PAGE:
Readers of this blog will be aware that Questionmark is transforming the way we provide reports using our new Questionmark Analytics tool. The screenshots shared in previous posts demonstrate the new report types and the modern user interface, but what they don’t show is the technology that now makes it possible to provide rapid reporting even for the largest data sets. In this post we’ll take a look “under the hood” at this technology.
E is for Extract
Running reports can be a time-consuming job. Thousands or even millions of database records need to be collected together, cross-matched and reformatted before being sent to the user. Unfortunately, data doesn’t stand still. There is nothing to stop you from taking an assessment and generating a new result in the database while someone else is trying to get a report on the very same assessment. Conflicts between these two demands can cause databases to slow down, especially when you start scaling up. The solution is to extract the data from the main database and generate the reports elsewhere.
T is for Transform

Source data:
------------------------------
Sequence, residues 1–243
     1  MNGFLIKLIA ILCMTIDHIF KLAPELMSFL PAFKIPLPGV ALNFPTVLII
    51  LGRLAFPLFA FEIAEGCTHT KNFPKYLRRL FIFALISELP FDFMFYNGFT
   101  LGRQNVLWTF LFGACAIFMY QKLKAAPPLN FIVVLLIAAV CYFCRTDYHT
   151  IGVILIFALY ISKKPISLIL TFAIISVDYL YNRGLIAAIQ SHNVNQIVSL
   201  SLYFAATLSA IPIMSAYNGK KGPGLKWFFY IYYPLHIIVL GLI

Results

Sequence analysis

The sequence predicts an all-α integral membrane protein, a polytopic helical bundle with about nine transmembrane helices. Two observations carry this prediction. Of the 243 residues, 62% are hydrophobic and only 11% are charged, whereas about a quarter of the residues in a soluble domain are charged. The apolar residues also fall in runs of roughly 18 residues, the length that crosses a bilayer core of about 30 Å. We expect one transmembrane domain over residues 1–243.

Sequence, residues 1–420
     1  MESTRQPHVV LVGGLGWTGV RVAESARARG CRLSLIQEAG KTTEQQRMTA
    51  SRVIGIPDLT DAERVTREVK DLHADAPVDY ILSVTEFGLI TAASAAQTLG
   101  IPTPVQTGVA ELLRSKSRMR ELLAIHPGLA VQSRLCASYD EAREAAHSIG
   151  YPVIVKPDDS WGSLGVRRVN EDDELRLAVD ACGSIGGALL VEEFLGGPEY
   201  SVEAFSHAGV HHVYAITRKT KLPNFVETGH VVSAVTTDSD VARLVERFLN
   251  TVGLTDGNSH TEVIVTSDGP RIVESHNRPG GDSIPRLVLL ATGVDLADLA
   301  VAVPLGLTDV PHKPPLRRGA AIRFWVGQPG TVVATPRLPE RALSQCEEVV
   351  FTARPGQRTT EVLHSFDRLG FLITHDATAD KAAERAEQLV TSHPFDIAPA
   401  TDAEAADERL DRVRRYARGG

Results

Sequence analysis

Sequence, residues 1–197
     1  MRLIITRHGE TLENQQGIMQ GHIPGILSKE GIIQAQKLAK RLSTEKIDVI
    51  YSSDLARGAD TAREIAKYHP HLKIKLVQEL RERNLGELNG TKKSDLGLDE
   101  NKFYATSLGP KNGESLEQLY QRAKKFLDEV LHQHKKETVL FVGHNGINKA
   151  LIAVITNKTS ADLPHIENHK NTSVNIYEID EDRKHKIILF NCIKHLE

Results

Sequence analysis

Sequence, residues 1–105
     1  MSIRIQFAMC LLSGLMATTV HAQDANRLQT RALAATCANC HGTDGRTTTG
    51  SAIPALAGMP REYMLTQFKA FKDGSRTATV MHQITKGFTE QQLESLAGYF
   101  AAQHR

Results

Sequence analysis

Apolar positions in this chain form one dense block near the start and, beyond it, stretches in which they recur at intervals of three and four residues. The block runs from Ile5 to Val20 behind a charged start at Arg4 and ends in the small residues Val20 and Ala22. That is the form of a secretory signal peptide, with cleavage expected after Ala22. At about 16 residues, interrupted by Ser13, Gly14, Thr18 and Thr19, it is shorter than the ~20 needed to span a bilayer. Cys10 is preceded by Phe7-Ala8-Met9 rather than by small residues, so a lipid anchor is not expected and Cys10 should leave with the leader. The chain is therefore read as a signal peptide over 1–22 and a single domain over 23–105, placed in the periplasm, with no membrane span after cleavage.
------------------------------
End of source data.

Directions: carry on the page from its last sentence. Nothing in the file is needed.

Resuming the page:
When you take an assessment with Questionmark Perception the results are written to the database in the simplest, fastest way. This enables us to scale up the delivery of assessments to cater for vast numbers of participants. But there is a cost to this speed and simplicity. The data is not organized in a very convenient way for reporting; as a result, complex reports require much more data processing to create. The solution is to transform the data so that reports can be created quickly when they are needed.
L is for Load
Having extracted and transformed our data the last step in the process is to load it into a special-purpose database for generating the reports. We call this database our “Results Warehouse” — because the science of ETL is part of the larger field of Data Warehousing.
This new architecture provides rapid, scalable reporting that doesn’t interfere with the participant experience. Learn more about Questionmark Analytics here.
In a recent post I explained the Summary page of the new Item Analysis report in Questionmark Analytics, now available in Questionmark OnDemand. Today I want to show you the question detail page.